Across the inner city there was a sigh of relief when a new location for Sydney’s second airport was finally announced earlier this year.
Throughout our Regional Council’s almost 40 years of work in the Inner City, issues connected to Sydney’s airport and a proposed second airport, have been a constant. An example is the article below from Inner Voice in October 1979 which describes the then federal – state standoff over a new airport and the third runway.
In 1979 we predicted Badgery’s Creek was the best location. We await the revamp of the Sydney Metropolitan Strategy which should now include the new airport and deliver on the economic stimulus potential it can bring to the western suburbs.
Sometimes change takes a long time!
The proposals for developing Sydney’s airport still seem to be deadlocked between Federal and State officials.
The deadline is December, but it seems unlikely that the MANS Committee will be able to put together a recommendation by then.
Basically the Federal authorities favour a full length second runway for Mascot, but the State Government wants only a shorter parallel runway. This is because the Feds want a full scale upgrading of Kingsford-Smith, while the State Government wants it only as a stop-gap until a second airport is built.
Of course even the State Government’s proposal would mean an upgrading and heavier traffic for the Kingsford-Smith airport, and there is nothing to stop their shorter addition from being lengthened into a full scale runway later.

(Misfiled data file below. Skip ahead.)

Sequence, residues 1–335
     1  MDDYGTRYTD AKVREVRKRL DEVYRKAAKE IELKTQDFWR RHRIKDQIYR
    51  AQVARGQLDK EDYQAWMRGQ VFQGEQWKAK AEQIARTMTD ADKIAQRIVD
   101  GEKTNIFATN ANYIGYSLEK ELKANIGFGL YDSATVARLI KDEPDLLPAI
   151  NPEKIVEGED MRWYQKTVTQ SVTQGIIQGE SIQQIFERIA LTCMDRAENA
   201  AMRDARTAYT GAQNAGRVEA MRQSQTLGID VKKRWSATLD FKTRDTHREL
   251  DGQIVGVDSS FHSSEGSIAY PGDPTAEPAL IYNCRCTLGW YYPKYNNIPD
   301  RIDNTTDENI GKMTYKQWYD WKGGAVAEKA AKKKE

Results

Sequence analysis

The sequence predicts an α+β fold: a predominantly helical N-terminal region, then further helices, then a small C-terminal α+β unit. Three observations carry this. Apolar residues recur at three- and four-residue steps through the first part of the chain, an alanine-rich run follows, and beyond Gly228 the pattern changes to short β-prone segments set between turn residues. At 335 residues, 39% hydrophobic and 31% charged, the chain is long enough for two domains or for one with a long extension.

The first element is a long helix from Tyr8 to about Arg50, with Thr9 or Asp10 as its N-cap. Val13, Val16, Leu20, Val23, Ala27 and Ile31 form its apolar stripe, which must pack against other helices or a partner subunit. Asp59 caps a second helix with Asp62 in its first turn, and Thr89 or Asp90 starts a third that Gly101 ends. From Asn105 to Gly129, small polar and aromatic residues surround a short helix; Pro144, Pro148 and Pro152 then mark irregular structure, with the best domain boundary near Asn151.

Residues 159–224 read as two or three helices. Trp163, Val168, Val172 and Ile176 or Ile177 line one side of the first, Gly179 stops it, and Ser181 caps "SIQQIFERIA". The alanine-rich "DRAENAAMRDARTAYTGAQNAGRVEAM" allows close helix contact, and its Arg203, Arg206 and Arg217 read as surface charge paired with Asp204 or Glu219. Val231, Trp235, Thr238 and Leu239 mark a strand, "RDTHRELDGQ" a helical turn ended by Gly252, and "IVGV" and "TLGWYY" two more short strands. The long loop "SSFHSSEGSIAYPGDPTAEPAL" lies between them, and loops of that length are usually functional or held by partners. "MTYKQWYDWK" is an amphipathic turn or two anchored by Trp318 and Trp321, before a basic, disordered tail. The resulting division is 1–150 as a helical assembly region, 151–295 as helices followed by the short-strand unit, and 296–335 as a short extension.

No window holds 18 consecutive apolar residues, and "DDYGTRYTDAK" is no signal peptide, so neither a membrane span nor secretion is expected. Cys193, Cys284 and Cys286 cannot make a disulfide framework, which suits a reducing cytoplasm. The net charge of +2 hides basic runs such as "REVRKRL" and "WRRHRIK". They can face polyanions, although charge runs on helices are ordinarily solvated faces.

Both options being considered are for parallel runways 1,500 metres east of the existing long runway. Both groups have abandoned a scheme for a parallel runway 1,500 metres to the west because of fear that it would wreck the hydrology of Botany Bay as well as subjecting thousands of extra people to aircraft noise.
In fact, thousands of extra people are already being subjected to aircraft noise because of the new interscan landing/take-off system which is scattering flight paths all over inner Sydney. Maybe this is just part of a softening-up process for the worse to come when the new runway is put in.
The Feds want a full length 4,000 metre strip involving the demolition of the recently completed TAA terminal building, and some Qantas facilities. It would represent a major commitment to expansion of Kingsford-Smith Airport and would allow 280,000 aircraft movements a year, compared with the present limit of 200,000.
The State favoured short second strip would allow about 240,000 aircraft movements a year.
The most likely option for a second airport being considered is in the Badgery’s Creek – Bringelly area, 20 kilometres west of Liverpool, because it “causes the least environmental damage of all second airport options”. 260 houses would have to be acquired and 890 people directly affected. The cost of this would be $465 million.
The State fears that unless there is some firm commitment to a second airport there will be a backslide in the 1980’s and a third runway into Botany Bay will be developed. They also feel that the development of a second airport in the west would be a large economic stimulus for the depressed western suburbs.
The Feds who have to foot the bill seem determined to stall this as long as possible in the hope that defacto full scale expansion of Kingsford-Smith will be necessary.
INNER VOICE – September / October 1979